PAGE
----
Paul Davis reports on the session musician turned country pop star GLEN CAMPBELL.
Glen Campbell has kept his seat even after nearly three decades on the recording industry roller coaster. It has taken him from the highs of stardom to the pits of depression. Since leaving the down-to-earth life on his family's Arkansas farm he has learned a few truths about life including where the ride was taking him.
The bright lights of the big city have lost some of their sparkle these days. At least for Glen Campbell they have. They were eclipsed when the Light of the World came into his life during a very dark period.
"Christ has delivered me from all the evil I was in" he says. "I'm happier now than ever in my life."
Campbell, the seventh son of a seventh son, was perhaps destined to become one of the Lord's 'prodigals' eventually but the path was certainly not straight and level. Rather, it was littered with broken bottles and broken relationships. But not with broken dreams of stardom - for a start he had become one of the most established names in the recording industry but also, he says, he never had dreams of stardom.
"I never set out to achieve stardom, I guess it kinda came with the job. I just set out to try to sing and play guitar as best as I could, I've really enjoyed doing that. But I'm enjoying it better now than ever in my life, even on stage.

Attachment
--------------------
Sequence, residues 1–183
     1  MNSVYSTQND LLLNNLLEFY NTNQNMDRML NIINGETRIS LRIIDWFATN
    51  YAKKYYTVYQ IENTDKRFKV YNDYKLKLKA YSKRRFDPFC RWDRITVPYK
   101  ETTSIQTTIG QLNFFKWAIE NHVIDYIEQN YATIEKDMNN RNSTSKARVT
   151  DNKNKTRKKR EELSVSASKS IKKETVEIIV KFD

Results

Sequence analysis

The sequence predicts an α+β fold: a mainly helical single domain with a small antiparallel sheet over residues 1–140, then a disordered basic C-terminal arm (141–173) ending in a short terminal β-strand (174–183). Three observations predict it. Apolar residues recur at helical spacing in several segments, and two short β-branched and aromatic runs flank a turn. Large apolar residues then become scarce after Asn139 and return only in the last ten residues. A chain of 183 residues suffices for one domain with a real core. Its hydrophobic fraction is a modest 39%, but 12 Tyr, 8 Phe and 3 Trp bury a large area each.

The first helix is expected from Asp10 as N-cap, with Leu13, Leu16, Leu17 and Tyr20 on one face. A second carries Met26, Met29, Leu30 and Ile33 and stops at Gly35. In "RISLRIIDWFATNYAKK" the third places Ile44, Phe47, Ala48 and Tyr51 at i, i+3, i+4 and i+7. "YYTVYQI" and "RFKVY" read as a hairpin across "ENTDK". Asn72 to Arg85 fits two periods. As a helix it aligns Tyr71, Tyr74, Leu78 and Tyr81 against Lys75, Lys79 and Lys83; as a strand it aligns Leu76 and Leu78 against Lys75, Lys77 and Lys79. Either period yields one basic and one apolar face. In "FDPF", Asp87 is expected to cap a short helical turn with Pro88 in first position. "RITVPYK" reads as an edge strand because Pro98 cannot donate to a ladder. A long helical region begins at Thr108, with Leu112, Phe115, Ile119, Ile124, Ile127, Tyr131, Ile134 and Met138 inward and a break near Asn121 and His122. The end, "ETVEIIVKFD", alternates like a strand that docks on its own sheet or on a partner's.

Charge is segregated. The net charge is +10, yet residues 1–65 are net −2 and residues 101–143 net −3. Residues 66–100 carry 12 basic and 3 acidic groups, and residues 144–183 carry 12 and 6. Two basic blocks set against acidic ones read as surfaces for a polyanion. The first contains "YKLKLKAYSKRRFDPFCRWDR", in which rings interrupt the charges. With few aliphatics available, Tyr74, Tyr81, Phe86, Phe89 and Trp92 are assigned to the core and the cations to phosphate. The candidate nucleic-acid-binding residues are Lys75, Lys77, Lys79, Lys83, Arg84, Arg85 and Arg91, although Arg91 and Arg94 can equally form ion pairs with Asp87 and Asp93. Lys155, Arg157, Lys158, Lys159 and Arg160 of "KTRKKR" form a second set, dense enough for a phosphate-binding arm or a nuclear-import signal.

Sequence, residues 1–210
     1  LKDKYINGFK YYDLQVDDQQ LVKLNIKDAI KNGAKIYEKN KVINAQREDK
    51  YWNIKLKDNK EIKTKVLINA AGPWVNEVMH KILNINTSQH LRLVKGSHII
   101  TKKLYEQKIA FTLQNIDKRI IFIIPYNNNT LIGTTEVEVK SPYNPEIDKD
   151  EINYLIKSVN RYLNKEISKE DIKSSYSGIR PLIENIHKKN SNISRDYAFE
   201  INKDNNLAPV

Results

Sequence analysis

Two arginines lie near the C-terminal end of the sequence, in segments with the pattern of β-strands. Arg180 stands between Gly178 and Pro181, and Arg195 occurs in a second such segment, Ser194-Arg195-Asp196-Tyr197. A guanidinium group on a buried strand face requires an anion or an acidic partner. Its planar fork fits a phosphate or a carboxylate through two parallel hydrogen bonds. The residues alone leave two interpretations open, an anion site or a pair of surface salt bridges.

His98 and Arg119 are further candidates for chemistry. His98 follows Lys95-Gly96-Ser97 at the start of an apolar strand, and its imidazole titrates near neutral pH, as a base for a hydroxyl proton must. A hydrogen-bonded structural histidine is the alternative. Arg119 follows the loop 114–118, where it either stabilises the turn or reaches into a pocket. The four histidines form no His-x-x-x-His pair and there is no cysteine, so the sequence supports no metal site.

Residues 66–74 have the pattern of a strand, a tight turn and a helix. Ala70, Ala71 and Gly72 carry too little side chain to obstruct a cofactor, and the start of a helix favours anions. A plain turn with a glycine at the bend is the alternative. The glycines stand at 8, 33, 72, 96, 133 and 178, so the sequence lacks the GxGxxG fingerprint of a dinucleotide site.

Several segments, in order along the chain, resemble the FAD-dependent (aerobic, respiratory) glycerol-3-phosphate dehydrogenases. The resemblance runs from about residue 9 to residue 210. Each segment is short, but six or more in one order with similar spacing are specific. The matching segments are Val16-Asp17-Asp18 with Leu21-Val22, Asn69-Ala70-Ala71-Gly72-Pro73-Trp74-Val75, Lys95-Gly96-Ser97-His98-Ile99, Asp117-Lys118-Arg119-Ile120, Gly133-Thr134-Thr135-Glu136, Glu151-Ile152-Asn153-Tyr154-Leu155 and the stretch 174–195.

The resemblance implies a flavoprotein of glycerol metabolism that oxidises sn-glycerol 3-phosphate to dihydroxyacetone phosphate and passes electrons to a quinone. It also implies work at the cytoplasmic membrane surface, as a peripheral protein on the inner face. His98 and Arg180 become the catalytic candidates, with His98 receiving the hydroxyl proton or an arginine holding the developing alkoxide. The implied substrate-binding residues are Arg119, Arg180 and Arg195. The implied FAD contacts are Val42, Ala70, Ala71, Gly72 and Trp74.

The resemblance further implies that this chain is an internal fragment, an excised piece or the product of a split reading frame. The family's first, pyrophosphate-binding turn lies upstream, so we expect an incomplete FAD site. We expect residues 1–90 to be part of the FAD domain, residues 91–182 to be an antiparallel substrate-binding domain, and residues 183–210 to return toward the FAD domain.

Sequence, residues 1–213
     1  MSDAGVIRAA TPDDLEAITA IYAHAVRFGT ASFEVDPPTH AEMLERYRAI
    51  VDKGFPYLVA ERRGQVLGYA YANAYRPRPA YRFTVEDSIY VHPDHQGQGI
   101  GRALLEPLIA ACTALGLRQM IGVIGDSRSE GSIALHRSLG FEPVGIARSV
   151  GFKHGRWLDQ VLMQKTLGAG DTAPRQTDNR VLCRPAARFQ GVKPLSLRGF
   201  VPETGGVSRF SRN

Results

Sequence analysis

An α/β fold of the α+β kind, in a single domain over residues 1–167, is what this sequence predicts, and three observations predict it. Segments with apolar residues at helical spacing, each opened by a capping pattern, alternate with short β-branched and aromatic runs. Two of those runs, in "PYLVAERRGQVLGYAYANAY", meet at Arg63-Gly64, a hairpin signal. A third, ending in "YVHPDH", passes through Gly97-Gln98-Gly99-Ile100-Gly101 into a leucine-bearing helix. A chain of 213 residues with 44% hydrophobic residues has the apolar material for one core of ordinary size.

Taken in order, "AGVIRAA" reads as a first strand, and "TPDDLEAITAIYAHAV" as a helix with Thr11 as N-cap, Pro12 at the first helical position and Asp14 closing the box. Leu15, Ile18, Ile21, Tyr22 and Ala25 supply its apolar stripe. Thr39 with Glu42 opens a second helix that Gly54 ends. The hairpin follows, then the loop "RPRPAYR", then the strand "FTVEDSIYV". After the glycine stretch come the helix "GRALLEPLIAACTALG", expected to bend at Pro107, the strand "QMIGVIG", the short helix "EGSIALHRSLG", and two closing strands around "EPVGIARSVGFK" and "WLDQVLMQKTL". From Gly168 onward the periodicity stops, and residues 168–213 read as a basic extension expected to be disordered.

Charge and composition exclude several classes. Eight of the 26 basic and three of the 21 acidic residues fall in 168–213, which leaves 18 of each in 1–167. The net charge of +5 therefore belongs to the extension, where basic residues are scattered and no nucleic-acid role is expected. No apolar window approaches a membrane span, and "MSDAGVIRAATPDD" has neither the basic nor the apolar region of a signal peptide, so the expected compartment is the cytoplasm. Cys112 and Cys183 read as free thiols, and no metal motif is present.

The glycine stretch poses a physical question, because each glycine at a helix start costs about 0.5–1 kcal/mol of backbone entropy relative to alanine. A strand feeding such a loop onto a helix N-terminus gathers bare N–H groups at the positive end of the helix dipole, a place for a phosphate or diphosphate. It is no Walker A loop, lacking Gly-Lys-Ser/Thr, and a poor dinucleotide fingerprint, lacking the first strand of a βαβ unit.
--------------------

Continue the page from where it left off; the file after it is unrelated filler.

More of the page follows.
"I'm not now under the influence of drugs and whiskey. That really makes a big difference. I've got my full faculties with me now."
Glen Campbell would not describe himself as a Rhinestone Cowboy. He likes to work in "comfortable clothes" rather than sequins and rhinestones - as a country singer he's a different breed altogether.
"I'm not a country singer per se, I'm a country boy who sings," he once told an interviewer.
Maybe that explains how he was able to find some middle ground between country and pop, carving out a unique niche in the world of music and a popularity that spans the globe.
Home today for Campbell is way out west in the cowboy country of Phoenix Arizona with its beautiful dry climate. It's not central for the showbiz mainstream compared to Nashville, L.A. or New York, but airport-wise he can get anywhere in the world without worry.